I’ve never met George Pell, but have seen him interviewed on various Australian television news and current affairs programs. The little I have seen and heard has nevertheless ensured that I concur with Ted Kennedy’s observation that “the thinking of [Cardinal] Pell is undoubtedly marked by the intransigence of Ultramontanism, which historian Eamon Duffy describes as a ‘form of absolutism revelling in what Cardinal Manning called “the beauty of inflexibility”.’ Denial of the primacy of conscience, which has become a permanent fixture in the ecclesiastical wardrobe of [Pell’s] mind, is . . . it seems, a cloak that hides insecurity and fear of loss.” (11)

“Up, Let Us Go Forward!”

In my work with the Catholic Pastoral Committee on Sexual Minorities (
CPCSM), I’ve often been challenged by people uncomfortable and threatened by CPCSM’s mission of creating environments of respect, acceptance, and safety for gay, lesbian, bisexual, transgender, and intersexual (GLBTI) persons and their families. Some critics are quick to share their view that an informed conscience can never contradict church teaching. What they’re advocating, of course, is what is known theologically as the “seated conscience” of “seated persons”.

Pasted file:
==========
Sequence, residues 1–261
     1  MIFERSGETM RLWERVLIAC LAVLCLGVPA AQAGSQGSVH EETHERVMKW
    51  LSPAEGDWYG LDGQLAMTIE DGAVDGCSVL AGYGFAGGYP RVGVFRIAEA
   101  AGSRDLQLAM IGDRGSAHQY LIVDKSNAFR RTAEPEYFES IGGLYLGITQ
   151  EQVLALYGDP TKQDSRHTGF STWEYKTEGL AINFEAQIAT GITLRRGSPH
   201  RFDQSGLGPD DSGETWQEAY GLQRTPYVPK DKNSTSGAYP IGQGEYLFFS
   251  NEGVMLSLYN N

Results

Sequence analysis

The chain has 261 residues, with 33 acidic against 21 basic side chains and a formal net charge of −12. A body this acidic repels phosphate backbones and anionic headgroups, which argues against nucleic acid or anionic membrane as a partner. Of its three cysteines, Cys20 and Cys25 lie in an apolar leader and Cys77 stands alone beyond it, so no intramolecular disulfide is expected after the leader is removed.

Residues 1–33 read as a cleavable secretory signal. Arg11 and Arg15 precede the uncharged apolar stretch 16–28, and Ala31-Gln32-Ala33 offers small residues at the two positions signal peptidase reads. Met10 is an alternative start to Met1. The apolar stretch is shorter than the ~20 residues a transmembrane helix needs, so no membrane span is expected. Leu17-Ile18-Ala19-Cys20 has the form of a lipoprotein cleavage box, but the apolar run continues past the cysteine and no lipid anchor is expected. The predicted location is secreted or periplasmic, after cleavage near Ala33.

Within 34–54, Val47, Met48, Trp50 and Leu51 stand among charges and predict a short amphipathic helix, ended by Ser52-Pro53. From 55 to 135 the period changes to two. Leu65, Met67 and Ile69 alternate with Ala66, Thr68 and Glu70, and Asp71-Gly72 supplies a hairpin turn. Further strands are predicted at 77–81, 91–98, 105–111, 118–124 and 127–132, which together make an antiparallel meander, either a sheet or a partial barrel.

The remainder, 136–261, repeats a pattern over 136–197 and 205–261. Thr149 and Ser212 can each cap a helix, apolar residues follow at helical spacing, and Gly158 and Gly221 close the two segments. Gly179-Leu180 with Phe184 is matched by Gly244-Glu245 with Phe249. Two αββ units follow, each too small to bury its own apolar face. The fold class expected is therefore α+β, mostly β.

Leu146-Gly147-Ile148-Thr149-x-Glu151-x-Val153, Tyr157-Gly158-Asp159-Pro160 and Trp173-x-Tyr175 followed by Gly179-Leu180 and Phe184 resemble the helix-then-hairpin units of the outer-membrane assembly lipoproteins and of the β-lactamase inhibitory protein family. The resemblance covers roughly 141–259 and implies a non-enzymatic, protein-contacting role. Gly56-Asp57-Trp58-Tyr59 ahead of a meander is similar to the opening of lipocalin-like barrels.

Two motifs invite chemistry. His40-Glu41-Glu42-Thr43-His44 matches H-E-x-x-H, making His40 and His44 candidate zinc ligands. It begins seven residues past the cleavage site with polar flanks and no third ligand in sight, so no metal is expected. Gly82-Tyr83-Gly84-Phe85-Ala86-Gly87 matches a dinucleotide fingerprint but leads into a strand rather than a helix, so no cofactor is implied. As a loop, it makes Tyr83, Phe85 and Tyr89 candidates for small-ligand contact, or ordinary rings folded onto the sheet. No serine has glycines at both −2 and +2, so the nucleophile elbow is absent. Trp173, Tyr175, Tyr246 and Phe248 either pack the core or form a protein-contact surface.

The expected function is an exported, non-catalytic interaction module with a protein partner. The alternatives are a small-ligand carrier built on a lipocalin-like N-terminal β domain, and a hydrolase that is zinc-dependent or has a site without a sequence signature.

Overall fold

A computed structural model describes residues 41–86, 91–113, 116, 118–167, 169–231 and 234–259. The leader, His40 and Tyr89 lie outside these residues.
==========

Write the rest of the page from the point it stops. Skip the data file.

Yet as one of Catholicism’s most respected moral theologians, Bernard Häring, CSsR, has noted: “Christ bids us rest but does not require us to become seated persons, i.e. those men and women who are forever tired, devoid of ideals and inspiration, who are unable to enlist the power of the Spirit to encourage others.” (12)

Häring goes on to observe that: “The seated person is the one who is incapable of internalizing Jesus’ invitation, ‘Up, let us go forward’. Most especially if going forward implies the risk of potential suffering, change and temporary insecurity. The seated person is static and self-satisfied, ever confident to celebrate past triumphs and achievements while ever avoiding the courageous responsibility that risk-taking involves. In a word, the seated person is cowardly.” (13)

“Ordinarily,” says Häring, “the self-satisfied are fundamentalist in their thinking, eschewing new and creative formulations of doctrine while ever clinging to the norms and imperatives of the past. They are hard-and-fast traditionalists, and, if gifted with energies, they use them strenuously to promote the restorations of a past order. Seated persons are those perched on self-made thrones, unwilling to move forward with the times because such a move would mean renouncing the glamour and privilege of clericalism in all its forms at every level.” (14)

Creative Conscience